THE BLOG

Learning, Playing and Planning for Extraordinary Growth

06/28/2015 10:18 pm ET | Updated Jun 26, 2016

See Jane run.

From my early days of learning to read, Dick, Jane, and Spot always seemed to be up to something. Running here and there. Socializing. Problem solving. Saying Please and Thank you.

Dick and Jane didn't just teach us the words; they modeled how to behave in polite society. In today's world, we find things are much the same and, yet, they are very different. Back in the day, we learned the skills at school, and then had all the time in the world to practice those lessons. We'd get home from school, have a snack, run outside for some much-needed playtime with neighborhood friends, and finally go back home for dinner and a bath, still having enough time to complete a bit of homework. That time with our friends? That was when we practiced social skills, negotiating for our needs and wants, and learned the value of empathy, kindness, fair play, and compassion.

My, my. NOW we see how things have changed!

  • When I was a child I was enrolled in one activity a week; today's children are scheduled, and over-scheduled, not only having daily after-school activities, but sometimes two or three commitments on the same day.
  • My homework didn't take an hour to complete until I was near the end of middle school or into high school. Currently the National Parent Teacher Association and National Education Association recommend a "10-minute rule" (homework should last about 10 minutes multiplied by the students' grade level); many schools have not adopted this practice.

While summer is with us, while you have the time, put some strategies in place so you're well-prepared for the start of the next school year:

  • Parents should first talk with one another and discuss the parameters for how often they want the family to have meals together, how time should be spent over school vacations, if they'll be agreeable to having children participate in activities that extend over those vacations, any carpool logistics that may be of concern, and any cost limitations for the family.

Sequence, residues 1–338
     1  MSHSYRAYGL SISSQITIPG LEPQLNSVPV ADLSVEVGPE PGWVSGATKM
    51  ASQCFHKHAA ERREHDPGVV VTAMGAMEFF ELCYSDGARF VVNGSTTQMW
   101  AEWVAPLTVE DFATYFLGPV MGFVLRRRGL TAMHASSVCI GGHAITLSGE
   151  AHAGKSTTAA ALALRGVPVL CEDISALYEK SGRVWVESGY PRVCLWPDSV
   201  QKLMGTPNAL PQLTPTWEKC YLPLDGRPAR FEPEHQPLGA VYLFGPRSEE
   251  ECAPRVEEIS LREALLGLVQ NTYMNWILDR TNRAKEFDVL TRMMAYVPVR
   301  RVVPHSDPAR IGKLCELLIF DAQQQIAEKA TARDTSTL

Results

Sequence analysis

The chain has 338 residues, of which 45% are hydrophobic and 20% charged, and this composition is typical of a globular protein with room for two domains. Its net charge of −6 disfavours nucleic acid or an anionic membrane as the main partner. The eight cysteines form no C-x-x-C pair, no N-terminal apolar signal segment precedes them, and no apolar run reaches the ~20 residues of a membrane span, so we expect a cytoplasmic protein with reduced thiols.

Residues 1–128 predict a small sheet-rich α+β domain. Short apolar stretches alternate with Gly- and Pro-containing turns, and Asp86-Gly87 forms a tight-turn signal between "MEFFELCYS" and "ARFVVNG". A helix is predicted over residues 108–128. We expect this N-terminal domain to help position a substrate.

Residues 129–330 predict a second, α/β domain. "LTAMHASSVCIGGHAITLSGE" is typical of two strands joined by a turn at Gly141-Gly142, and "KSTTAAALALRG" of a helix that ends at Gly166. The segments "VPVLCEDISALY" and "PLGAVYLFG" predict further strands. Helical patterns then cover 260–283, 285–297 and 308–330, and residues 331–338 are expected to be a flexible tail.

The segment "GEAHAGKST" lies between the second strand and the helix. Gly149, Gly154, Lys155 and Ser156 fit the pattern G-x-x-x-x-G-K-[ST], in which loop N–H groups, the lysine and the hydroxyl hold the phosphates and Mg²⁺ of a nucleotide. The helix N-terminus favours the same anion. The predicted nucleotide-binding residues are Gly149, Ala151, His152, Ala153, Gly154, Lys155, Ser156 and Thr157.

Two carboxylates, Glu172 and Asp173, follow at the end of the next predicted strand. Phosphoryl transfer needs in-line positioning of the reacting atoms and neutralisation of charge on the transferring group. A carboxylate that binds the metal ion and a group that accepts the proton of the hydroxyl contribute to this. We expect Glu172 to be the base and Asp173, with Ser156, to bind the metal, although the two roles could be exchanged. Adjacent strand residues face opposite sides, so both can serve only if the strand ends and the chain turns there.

• Armed with this information, parents and children should then sit down together and have a family meeting that is scheduled in advance so disruptions are less likely to occur. The children should name the activities in which they have the greatest desire to participate and then, as a family, the activities can be researched to learn the time and financial commitments involved.
  • Additional thought should be given to what, if anything, needs to be put in place IN ADVANCE of beginning the activities or the school session. It might be necessary for a child to choose between options. It might be a family requirement that the child have extra home responsibilities in order to be allowed to participate in a special pursuit, or even earn money to help pay for the activity.
  • A homework plan may be decided in advance, with parents sharing their expectations with their child, especially if a more regimented schedule might be necessary for the child in order to be successful in both school and the proposed activity. It may also be advisable to discuss what guidelines will be given to screen time once school begins, and to create a home-study area with all the materials that are typically necessary to complete home assignments.

All of these ideas may seem a bit much, but, really, it's just a matter of strategically planning for what you wish to accomplish. After all, advance preparation, rather than just letting things happen by chance, will reduce stress and anxiety, as well as increase the chances for a successful and rewarding outcome.

And that is why Jane was able to run that long, and that fast. It was all a part of a plan.

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